Insights for Easing the Transition to the Cloud
House of Brick, the services division of OpsCompass, has a growing set of white papers, webcasts, and blog posts on our experience of replatforming to AWS. The pandemic has induced a substantial, incremental acceleration into the cloud. That despite the innocent belief on the part of those of us who observe cloud implementation most closely that no further acceleration could have been possible. Following re:Invent 2019, I blogged on the experience of Amazon.com moving from Oracle to AWS. The post is rich with insights for easing the transition to the cloud, especially cost savings, project management, and organizational dynamics.
First, we’ll review the replatform of the Amazon.com data warehouse off Oracle. Then we’ll review Amazon.com’s successful unload of its ~7,500 non-bundled Oracle databases.
I suggest you organize three lunch and learns to play these sessions. It so happens that re:Invent has made what I consider to be a great gift: no fee registration or even login is needed to view these sessions.
Amazon.com’s Data Warehouse Replatform from Oracle to AWS Redshift
That’s what I think the session should have been titled to grab appropriate attention. Here’s the session’s actual title: ‘How Amazon leverages AWS to deliver analytics at enterprise scale.’ (Yawn.)
Amazon’s Oracle RDBMS data warehouse had several hundred petabytes of data, ~900K jobs, ~38K tables, and ~80K active users.
As Amazon.com is an AWS customer, they used the same APIs and documentation to pull this off as any other AWS customer would.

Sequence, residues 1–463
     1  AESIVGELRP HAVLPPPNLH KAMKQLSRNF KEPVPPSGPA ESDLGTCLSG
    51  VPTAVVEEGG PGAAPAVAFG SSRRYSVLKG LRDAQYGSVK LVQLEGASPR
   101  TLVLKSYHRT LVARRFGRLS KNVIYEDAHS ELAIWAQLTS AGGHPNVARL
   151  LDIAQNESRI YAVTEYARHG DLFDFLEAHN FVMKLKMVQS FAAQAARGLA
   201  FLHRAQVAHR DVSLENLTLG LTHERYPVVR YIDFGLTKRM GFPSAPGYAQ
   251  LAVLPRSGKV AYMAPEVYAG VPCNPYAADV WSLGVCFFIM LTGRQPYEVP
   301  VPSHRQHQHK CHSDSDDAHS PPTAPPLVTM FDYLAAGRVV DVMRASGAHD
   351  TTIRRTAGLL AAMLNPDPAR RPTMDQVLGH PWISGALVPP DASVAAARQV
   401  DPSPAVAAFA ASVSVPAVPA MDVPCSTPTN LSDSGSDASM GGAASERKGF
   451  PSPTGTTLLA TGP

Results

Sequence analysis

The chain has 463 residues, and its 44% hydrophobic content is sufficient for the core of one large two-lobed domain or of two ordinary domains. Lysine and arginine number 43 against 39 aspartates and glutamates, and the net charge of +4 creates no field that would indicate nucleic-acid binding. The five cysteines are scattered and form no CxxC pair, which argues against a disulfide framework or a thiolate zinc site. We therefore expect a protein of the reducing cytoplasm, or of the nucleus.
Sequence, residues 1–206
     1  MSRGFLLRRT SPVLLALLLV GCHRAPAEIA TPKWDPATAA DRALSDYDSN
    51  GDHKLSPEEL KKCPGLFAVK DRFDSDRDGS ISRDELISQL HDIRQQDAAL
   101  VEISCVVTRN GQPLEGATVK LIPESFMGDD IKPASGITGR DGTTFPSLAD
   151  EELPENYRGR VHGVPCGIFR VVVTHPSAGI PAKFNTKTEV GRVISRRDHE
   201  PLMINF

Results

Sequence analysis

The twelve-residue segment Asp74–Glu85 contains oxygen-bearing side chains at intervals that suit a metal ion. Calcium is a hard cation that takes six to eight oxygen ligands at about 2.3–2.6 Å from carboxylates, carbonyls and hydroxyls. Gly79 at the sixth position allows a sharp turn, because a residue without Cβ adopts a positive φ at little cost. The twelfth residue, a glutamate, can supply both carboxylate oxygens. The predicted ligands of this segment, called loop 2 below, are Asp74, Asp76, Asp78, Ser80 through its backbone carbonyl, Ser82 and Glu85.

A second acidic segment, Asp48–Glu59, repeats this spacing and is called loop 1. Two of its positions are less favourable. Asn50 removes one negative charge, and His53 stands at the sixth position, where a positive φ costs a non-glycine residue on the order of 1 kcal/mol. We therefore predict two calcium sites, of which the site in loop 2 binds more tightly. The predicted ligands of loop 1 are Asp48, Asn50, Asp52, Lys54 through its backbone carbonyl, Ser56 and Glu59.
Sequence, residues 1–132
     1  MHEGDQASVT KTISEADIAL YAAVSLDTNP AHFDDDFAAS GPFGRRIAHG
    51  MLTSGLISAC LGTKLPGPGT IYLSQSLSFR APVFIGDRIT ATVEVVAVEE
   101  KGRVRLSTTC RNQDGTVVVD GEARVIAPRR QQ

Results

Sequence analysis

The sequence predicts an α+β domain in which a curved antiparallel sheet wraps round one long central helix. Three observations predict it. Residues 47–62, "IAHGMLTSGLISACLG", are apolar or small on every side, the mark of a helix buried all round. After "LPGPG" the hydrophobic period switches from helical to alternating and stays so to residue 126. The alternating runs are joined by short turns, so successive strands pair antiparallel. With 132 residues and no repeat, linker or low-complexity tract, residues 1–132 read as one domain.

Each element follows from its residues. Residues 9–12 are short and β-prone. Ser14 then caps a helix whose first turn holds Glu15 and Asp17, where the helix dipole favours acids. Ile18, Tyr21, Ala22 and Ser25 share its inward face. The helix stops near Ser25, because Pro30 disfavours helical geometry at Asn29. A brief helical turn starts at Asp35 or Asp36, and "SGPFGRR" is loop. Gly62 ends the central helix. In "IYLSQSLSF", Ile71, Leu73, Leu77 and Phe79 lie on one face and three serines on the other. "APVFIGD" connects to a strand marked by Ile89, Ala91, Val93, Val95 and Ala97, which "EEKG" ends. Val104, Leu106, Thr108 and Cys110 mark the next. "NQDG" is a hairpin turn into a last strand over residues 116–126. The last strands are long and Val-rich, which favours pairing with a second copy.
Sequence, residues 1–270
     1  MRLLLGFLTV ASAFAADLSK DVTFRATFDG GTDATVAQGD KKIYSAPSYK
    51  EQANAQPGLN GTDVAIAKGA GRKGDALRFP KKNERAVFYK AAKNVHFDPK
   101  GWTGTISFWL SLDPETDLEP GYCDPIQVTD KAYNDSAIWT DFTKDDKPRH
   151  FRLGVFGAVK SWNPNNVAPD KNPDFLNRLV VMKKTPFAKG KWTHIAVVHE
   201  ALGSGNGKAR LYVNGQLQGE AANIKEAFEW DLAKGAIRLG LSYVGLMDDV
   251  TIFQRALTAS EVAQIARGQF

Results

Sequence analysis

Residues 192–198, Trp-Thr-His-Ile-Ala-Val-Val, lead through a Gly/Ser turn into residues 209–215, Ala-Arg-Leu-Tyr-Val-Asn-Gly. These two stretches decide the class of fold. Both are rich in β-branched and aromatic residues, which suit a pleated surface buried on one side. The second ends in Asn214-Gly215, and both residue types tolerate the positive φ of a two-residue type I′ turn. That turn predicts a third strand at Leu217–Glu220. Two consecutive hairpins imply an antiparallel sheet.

Amazon.com’s data warehouse operation had invested heavily in specialized hardware, routers, and switches. Data and compute were coupled. It became unreliable. They spent hundreds of hours moving data around, including through sharding, just to keep the system running. They couldn’t get hardware on demand, and Oracle licensing was expensive. They needed to find a better solution and quickly. Coming from a traditional RDBMS, they needed to evaluate big data use cases like those their customers were beginning to use.
They chose to move to AWS solutions DynamoDB (no SQL), Aurora, and Kinesis.
They ran the legacy and new data warehouses in parallel during the transition. Loads were modified, so that both the legacy and new warehouses ran in parallel for an extended period of time.
While the project was daunting, it was also highly successful. They pulled it off in two years. No project-wide Gantt chart was used. I was particularly impressed by the organizational dynamics discussed in the session. They had 90% successful query conversion on the first pass, which left 10%, that was clearly the presenter’s favorite part of the talk. We’re talking about all the people who didn’t want to migrate, didn’t have time to migrate, or were looking for features not in the new system.
The coordinating team didn’t get escalation emails. Rather, they got brag emails. “Hey, VP! We’re done early! Come to our launch party.” One team said they couldn’t hit deadline. When asked how much additional time they needed, they said a week. (Let alone the fact that a quarter of buffer had been built into the plan.) That’s not how tech is supposed to work. So, the central team asked, “How did you do it? You had said XYZ would break you.” The answer: “Yeah, well, we solved it. Don’t worry about it. And we shared the solution with other teams. It’s working great!”
The presenter maintained that central IT used to be the bottleneck. It was always a lot of blood, sweat, tears, and risk. But instead, Amazon teams troubleshot their own way without coming to the central guidance team because AWS technology makes that possible. That was a complete revelation to the central team.
The bottom line message: be ready. “The cloud moves far more quickly than you can.”
This was a data warehouse ecosystem with 1,700 different teams publishing, 3,000 teams consuming, and 20,000 data sets in active use. Policies and controls were put in place six months before cut-over to prohibit the introduction of new workloads into the legacy system.
Amazon.com Unloads its ~7,500 Non-Bundled Oracle Databases
The story of how Amazon transitioned from Oracle Database to AWS tools was split across two sessions:
- DAT359 ‘How Amazon.com migrated its applications from Oracle to AWS databases’
- AMZ301 ‘Amazon.com: enterprise database migration at scale’